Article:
PK GRAPHICS — CLUBBING THE COMPETITIONOctober 2006
Miguel Paredes should know, as he is both an artist and a businessman. And his company, PK Graphics, has blossomed into a $20 million performer in just eight years with an annual growth rate of 25 percent. But now that the suffering has receded on the business end, Paredes has encountered a new problem—getting sufficient rest.
“My goal is to sleep,” Paredes, president and CEO, quips.
That’s no surprise, given his exhaustive undertakings. Paredes is a media empire unto himself. His Miami Beach printing establishment is just one facet of the overall picture of Florida-based holdings:
• There is PK Graphics Broward, a satellite office in Ft. Lauderdale.
• This summer, Paredes unveiled a pair of PK Graphics Express boutique storefronts in South Beach and Miami.
• A production facility is located in Pompano Beach.
• Earlier this year, he debuted Paredes Publishing, which offers high-quality giclée reproductions.
PK Graphics has grown considerably, from having four employees just seven years ago to 144 workers today. Originally a brokerage, PK now boasts a pair of six-color Heidelberg Speedmaster CD presses with UV printing capabilities that produce items such as tickets, business cards, flyers and posters.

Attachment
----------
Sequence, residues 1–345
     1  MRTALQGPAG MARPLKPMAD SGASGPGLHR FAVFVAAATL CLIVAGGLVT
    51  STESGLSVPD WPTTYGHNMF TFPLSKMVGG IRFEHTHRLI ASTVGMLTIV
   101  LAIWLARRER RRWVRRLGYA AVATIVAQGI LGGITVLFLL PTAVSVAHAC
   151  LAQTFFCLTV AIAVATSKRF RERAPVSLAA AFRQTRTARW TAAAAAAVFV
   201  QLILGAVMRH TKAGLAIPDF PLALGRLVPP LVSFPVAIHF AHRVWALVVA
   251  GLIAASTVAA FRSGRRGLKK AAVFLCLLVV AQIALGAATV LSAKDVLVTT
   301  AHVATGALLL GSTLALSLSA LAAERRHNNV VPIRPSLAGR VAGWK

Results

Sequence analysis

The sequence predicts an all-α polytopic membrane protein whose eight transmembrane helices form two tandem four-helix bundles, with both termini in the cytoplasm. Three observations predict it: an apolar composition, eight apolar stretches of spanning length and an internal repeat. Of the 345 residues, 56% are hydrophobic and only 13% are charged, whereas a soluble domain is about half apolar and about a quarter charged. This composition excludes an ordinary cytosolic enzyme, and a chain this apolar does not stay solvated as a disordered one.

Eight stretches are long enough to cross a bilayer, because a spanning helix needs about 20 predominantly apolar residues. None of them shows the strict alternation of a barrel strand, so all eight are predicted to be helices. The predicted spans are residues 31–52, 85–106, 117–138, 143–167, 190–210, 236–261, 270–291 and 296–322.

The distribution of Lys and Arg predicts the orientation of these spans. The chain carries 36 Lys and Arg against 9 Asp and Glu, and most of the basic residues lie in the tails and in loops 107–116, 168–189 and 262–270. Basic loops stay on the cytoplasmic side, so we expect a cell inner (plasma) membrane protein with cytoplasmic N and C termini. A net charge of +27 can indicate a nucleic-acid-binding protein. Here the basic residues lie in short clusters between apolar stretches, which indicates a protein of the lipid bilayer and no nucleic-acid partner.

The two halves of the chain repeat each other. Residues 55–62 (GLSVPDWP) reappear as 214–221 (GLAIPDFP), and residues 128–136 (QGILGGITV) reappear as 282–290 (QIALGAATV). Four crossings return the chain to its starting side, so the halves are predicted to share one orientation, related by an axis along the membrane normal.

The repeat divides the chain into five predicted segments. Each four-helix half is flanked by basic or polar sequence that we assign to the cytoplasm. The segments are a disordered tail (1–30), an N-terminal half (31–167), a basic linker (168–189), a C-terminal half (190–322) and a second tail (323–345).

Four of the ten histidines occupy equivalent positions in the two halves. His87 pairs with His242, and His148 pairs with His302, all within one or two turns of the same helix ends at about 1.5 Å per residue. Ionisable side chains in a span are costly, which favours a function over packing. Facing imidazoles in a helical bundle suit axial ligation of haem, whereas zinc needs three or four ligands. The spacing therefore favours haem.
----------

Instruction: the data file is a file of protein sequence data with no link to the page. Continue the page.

Working the Club Circuit
A good chunk of Paredes’ clientele fall in the entertainment sector, predominantly the club circuit. He estimates PK Graphics services approximately 75,000 nightclubs nationwide. PK’s geographical base is perfect, as South Beach is the Mecca of the club scene. The market represents roughly 50 percent of Paredes’ business; his boundless energy pulsates like that of his clients’ party-all-night businesses.
The other 50 percent of PK’s business is highly fragmented, including work for brokerages. The company provides brochures and catalogs for the real estate space, as well as general commercial items for ‘mom and pop’ retail businesses.
A transplanted New Yorker, Paredes moved to the Sunshine State and immersed himself in the South Beach culture. He opened a studio there and went into the restaurant business with his father.
Around 1990, Paredes decided to learn commercial art, so he assembled a group of artists to design a line of t-shirts with original characters. While the t-shirt business fell apart, Paredes found himself freelancing his artistic services.
“(One company) wanted to create stickers...something new, urban and hot,” Paredes says. “I worked for them for almost a year and started to realize that I was a very good graphic designer. I was self-taught, and continued training myself on all of the Adobe programs and some of the 3-D programs.”